President Donald Trump recently compelled 46 U.S. attorneys to resign, and to do so within a matter of hours. When one, Preet Bharaha, refused, Trump summarily fired him. Was the president within his rights to remove these public servants? In a word, yes. But being within one’s rights and doing what is right are two very different things.
The U.S. attorney position is one of the most powerful in the country. There are 93 U.S. attorneys nationwide. Each is called the "chief law enforcement officer" in the federal district over which he or she presides. That designation, while found nowhere in the Constitution or in statute, has very real meaning: Any cop or federal agent who wants a case prosecuted in federal court must gain the permission and approval of a U.S. attorney.
That makes the U.S. attorney more than a mere gatekeeper. By issuing a grand jury subpoena, a U.S. attorney may destroy a hard-won reputation. In some instances, a U.S. attorney may use the power of the government to intentionally and methodically take another person's life.
This broad authority makes the selection of a U.S. attorney an important process that must be done with much care. Appointment to the position requires full Senate confirmation. Background checks are done not by government contractors but by special agents of the FBI, and they are most thorough: Given the threat of terrorism, and that terrorism cases arise throughout the country, each U.S. attorney must qualify to receive the highest of security clearances.
As difficult as it is to find and hire a qualified U.S. attorney, it can seem deceptively easy to fire one. That is because each serves at the pleasure of the president. Those instances when presidents have exercised the authority to fire U.S. attorneys fall on a broad spectrum, from the right and appropriate to the unjust and perhaps unlawful.
On those rare occasions when there has been just cause to fire U.S. attorneys, it has been easy to identify.
Take Kendall Coffey, for example. In 1996, Coffey was serving as the U.S. attorney in Miami when his office lost a high-profile drug prosecution. After this defeat, Coffey journeyed to the Lipstik Adult Entertainment Club, where he allegedly bit a stripper, news reports indicate. The attorney general at the time under President Clinton, Janet Reno, summoned Coffey to D.C., and Coffey announced his "resignation" the next day. Most would support such a decision and resignation.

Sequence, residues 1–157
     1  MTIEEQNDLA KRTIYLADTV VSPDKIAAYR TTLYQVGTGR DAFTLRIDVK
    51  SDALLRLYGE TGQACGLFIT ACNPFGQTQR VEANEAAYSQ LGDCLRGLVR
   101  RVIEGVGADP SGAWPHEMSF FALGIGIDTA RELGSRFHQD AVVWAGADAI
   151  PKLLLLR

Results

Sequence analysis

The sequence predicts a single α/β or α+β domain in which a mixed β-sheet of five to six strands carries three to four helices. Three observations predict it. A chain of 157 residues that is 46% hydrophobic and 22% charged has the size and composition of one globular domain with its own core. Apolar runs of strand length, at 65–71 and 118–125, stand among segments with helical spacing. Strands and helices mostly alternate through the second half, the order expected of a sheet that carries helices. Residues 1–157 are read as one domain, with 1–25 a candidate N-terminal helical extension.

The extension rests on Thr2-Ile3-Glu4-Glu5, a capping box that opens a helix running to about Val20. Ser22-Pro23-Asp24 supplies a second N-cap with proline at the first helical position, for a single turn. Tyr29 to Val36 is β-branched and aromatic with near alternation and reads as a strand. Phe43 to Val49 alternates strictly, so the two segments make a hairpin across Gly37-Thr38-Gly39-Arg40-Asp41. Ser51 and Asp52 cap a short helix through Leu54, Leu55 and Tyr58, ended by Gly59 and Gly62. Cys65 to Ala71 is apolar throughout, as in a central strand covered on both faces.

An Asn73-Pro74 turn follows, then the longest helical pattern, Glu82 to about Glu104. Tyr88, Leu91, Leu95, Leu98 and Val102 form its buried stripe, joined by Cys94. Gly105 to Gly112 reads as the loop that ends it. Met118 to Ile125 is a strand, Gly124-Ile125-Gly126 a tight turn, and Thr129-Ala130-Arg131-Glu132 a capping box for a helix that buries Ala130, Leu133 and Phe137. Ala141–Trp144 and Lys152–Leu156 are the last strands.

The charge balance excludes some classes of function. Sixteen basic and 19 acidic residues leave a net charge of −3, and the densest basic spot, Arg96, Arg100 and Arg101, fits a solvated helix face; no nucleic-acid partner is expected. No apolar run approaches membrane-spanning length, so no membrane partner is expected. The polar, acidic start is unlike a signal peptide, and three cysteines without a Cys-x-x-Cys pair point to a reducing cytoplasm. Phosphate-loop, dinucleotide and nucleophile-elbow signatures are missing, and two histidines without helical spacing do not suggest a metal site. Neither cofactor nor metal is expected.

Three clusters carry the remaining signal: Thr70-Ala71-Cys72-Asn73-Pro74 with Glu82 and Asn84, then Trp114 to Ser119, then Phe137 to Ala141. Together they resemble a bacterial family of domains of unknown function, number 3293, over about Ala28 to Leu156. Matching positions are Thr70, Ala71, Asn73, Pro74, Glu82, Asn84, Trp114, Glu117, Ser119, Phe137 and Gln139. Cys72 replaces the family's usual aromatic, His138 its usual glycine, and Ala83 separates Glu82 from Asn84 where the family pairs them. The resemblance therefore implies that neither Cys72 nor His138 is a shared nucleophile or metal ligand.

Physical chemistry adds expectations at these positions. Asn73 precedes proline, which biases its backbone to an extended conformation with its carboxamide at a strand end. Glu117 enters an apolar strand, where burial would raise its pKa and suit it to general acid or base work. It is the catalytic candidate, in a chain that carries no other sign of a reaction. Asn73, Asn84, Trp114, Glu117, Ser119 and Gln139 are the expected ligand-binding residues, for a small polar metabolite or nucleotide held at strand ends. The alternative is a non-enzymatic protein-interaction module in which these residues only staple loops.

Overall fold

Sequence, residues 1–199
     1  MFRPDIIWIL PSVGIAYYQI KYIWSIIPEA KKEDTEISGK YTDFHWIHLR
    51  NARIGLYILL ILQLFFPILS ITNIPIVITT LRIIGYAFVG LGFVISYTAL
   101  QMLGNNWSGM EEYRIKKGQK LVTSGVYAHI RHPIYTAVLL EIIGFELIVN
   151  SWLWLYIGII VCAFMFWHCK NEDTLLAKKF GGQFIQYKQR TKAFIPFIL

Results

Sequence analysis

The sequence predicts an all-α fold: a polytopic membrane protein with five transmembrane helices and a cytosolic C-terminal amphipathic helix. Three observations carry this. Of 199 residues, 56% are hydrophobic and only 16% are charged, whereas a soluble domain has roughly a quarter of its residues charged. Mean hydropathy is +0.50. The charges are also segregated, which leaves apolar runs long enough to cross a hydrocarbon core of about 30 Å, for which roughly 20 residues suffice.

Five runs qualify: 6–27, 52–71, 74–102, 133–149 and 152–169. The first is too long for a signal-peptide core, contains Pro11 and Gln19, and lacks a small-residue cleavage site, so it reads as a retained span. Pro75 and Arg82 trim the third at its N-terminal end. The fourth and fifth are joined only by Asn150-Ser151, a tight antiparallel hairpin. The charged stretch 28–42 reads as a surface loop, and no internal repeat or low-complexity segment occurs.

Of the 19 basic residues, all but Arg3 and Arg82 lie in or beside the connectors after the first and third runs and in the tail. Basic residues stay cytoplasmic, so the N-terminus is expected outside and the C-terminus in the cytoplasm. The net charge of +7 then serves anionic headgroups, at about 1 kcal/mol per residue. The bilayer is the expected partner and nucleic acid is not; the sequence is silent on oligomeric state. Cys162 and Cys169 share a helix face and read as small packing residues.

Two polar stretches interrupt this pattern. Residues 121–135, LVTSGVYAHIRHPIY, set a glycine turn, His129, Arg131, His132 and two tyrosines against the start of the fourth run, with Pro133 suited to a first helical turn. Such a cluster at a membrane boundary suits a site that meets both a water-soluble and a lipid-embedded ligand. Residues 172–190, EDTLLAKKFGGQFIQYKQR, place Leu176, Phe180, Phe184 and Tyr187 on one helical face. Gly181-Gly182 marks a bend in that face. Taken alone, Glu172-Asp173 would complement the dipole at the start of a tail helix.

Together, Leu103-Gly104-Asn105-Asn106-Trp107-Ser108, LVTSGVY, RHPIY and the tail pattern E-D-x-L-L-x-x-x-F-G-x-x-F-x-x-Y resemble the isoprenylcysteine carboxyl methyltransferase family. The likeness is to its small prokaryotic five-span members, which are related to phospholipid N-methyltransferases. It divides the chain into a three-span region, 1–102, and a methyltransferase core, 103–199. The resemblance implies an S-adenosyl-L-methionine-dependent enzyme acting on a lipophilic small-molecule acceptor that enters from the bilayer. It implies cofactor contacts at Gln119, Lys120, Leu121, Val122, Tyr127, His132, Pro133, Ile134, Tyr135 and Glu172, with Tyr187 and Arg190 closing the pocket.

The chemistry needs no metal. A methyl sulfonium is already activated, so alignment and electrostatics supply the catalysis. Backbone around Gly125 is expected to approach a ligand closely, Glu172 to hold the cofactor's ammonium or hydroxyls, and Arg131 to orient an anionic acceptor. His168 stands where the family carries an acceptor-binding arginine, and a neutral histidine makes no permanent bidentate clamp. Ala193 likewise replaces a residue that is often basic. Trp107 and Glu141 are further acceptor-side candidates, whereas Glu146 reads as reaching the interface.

At the other end of that spectrum, consider a former U.S. attorney for New Mexico, David Iglesias. In 2005, a Republican senator from that state, Pete Domenici, wanted Iglesias to initiate prosecutions against certain Democrats. When Iglesias declined because the cases lacked merit, Domenici voiced his unhappiness with the decision. What followed had long-lasting impact at the Department of Justice: Attorney General Alberto Gonzales fired Iglesias and a number of other U.S. attorneys, I among them, for what many found to be politically motivated reasons.
As a result of our firings, Gonzales eventually "resigned" as well.
Most troubling, though, Gonzales’s decision to fire U.S. attorneys midterm politicized the Department of Justice, and in so doing harmed the institution.
It was harmed because we as citizens must trust that when U.S. attorneys issue subpoenas or seek the death penalty, they do so without regard to partisan belief.
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U.S. Supreme Court Justice Robert Jackson served as one of FDR’s attorneys general, and was the lead prosecutor in the Nuremberg trials after World War II. He wrote what has become a legal maxim: The citizen’s safety lies in the prosecutor who seeks truth and not factional purposes.
Where, then, on the spectrum between just and unjust would fall a decision such as President Trump’s to call for the immediate dismissal of 46 U.S. attorneys? Each president has the right to put his own U.S. attorneys in place. But to dismiss these chief law enforcement officers and give them only hours to leave is wrong. Not so wrong as to approach the injustice visited upon David Iglesias, surely, but disconcerting enough that some are publicly wondering if Preet Bharara’s sudden firing had something to do with an investigation of President Trump’s HHS secretary, Tom Price.
So, how should a president fire a U.S. attorney? Let me suggest that a president exercise as much caution in firing a U.S. attorney as went into the selection and appointment of that same U.S. attorney. That is to say, it is a decision to be made carefully and cautiously. The reputation of, and our faith in, the Department of Justice depend on it.
Paul Charlton was an assistant U.S. attorney from 1991 to 2001, and the U.S. attorney for the District of Arizona from 2001 to 2007. He is now an attorney in private practice.
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